6. 6 Department of Human Genetics, Radboud Institute for Health Sciences, Radboud University Medical Center, Nijmegen, The Netherlands
  7. 7 Department of Orthopedic Surgery, Tokyo Women's Medical University, Tokyo, Japan
  8. 8 The Centers of Research Excellence in Science and Technology, Japan Science and Technology Agency, Tokyo, Japan
  9. 9 Department of Rheumatology, School of Medicine, Tokyo Women's Medical University, Tokyo, Japan
  10. 10 Division of Rheumatology, Department of Medicine Solna, Karolinska Institutet and Karolinska University Hospital, Stockholm, Sweden
  11. 11 Institute of Environmental Medicine, Karolinska Institutet, Stockholm, Sweden
  12. 12 Division of Clinical Immunology and Rheumatology, University of Alabama at Birmingham, Birmingham, Alabama, USA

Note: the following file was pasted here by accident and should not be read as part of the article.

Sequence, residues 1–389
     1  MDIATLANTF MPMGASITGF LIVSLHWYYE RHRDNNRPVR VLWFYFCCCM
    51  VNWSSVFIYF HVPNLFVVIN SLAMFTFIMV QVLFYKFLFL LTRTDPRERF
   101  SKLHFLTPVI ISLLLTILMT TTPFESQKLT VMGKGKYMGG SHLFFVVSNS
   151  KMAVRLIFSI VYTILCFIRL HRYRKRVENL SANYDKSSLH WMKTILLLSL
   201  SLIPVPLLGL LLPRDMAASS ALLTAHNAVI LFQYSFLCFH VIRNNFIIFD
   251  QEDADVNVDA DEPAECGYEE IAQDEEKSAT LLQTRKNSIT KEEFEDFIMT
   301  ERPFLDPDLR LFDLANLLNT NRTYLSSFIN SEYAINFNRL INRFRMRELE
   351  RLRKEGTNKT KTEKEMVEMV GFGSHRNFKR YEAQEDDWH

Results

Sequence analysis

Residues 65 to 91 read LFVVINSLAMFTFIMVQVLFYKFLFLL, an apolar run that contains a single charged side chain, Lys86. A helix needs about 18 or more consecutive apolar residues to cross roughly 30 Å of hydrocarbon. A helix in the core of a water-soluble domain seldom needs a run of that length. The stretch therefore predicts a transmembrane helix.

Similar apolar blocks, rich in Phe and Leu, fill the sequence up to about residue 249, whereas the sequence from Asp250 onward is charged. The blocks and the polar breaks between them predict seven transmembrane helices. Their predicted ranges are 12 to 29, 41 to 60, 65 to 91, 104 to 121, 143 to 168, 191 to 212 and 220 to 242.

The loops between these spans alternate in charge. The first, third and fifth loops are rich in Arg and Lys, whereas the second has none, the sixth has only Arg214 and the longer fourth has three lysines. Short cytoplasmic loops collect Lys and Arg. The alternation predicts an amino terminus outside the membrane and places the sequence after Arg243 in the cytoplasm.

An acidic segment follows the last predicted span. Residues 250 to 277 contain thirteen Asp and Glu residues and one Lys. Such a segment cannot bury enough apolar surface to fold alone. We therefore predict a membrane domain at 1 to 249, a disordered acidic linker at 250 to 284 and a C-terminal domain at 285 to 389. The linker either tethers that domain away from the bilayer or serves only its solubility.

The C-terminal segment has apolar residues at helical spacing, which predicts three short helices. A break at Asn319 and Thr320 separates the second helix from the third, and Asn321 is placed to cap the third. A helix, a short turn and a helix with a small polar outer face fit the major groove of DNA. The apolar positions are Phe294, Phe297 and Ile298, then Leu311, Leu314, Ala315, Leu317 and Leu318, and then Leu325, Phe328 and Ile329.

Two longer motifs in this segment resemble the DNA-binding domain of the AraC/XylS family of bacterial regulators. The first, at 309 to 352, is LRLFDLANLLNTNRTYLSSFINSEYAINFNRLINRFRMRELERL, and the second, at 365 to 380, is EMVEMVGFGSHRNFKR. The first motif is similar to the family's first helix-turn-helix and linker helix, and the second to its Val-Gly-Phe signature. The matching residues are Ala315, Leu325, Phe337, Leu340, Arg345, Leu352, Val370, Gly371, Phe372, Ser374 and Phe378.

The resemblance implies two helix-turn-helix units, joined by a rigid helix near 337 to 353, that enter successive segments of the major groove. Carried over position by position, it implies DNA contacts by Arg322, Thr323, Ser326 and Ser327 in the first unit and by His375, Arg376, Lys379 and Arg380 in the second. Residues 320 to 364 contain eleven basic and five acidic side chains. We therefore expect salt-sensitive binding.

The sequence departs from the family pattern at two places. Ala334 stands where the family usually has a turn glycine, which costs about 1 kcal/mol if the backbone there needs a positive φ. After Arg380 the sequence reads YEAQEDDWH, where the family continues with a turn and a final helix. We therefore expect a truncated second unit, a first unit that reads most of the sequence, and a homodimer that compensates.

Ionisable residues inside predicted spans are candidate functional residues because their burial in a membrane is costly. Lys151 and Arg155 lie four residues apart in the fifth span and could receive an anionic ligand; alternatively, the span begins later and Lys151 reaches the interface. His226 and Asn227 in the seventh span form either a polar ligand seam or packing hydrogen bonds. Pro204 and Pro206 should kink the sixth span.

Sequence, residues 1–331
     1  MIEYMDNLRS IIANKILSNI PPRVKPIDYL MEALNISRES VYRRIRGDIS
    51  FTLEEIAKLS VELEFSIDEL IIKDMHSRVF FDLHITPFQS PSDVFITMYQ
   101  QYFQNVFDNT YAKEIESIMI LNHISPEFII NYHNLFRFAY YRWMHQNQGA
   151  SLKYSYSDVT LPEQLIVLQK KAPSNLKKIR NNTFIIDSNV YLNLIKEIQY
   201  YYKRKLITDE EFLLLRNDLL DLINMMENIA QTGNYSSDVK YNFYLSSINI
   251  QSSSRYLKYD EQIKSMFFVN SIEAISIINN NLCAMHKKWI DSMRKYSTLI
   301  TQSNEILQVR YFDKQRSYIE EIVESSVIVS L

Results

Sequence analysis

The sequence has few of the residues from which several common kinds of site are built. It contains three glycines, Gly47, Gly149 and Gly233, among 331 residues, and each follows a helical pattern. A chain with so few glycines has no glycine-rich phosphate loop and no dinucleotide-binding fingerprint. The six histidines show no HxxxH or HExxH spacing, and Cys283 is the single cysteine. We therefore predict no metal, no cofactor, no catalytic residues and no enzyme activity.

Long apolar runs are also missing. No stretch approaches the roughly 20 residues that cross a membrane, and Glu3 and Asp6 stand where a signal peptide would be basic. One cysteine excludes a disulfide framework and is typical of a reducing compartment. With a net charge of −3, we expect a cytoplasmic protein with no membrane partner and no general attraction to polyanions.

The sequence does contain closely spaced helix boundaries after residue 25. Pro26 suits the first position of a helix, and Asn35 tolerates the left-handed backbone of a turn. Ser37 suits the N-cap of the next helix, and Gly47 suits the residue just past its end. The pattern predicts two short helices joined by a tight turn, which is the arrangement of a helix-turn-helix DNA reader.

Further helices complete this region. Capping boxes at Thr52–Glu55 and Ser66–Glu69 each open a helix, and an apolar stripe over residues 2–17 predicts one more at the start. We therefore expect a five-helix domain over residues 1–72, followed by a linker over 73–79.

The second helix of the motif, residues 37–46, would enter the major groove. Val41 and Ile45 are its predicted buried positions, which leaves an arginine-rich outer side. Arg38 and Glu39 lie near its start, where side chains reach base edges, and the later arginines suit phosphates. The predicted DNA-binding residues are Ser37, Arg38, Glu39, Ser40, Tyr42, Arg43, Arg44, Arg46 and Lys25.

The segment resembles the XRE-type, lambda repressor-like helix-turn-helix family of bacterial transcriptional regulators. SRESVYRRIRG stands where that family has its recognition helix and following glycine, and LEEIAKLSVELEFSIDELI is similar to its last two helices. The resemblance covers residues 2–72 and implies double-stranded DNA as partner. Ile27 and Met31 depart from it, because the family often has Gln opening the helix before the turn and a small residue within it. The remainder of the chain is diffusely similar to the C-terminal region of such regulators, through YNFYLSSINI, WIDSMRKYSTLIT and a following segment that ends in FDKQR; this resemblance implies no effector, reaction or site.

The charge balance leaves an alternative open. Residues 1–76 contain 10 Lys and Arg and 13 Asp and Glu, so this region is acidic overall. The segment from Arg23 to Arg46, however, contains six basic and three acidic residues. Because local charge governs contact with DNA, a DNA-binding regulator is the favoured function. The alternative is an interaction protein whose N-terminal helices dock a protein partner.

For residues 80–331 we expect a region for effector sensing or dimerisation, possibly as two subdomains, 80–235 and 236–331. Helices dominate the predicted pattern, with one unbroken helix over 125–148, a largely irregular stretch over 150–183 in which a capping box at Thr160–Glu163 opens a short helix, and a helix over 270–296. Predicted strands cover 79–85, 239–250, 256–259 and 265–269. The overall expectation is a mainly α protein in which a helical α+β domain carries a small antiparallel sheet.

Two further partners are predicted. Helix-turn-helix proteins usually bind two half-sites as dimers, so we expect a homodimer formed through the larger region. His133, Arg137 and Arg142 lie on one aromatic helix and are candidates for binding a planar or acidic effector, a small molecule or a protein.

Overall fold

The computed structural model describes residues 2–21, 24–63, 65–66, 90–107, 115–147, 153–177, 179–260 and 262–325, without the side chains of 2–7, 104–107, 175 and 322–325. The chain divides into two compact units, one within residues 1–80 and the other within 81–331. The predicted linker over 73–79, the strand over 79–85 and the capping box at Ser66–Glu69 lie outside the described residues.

13. 13 Department of Statistical Genetics, Osaka University Graduate School of Medicine, Osaka, Japan
  14. 14 Laboratory of Statistical Immunology, Immunology Frontier Research Center (WPI-IFReC), Osaka University, Suita, Japan
  15. 15 Amsterdam Rheumatology and Immunology Centre, Reade, Amsterdam, The Netherlands
  16. 16 Department of Rheumatology, VU University Medical Centre, Amsterdam University Medical Centres, Amsterdam, The Netherlands
  17. 17 Department of Clinical Immunology and Rheumatology, Amsterdam University Medical Center, University of Amsterdam, Amsterdam, The Netherlands
  18. 18 Department of Rheumatology and Clinical Immunology, Kyoto University Graduate School of Medicine, Kyoto, Japan
  19. 19 CEDOC, EpiDoC Unit, NOVA Medical School, Universidade NOVA de Lisboa, Lisbon, Portugal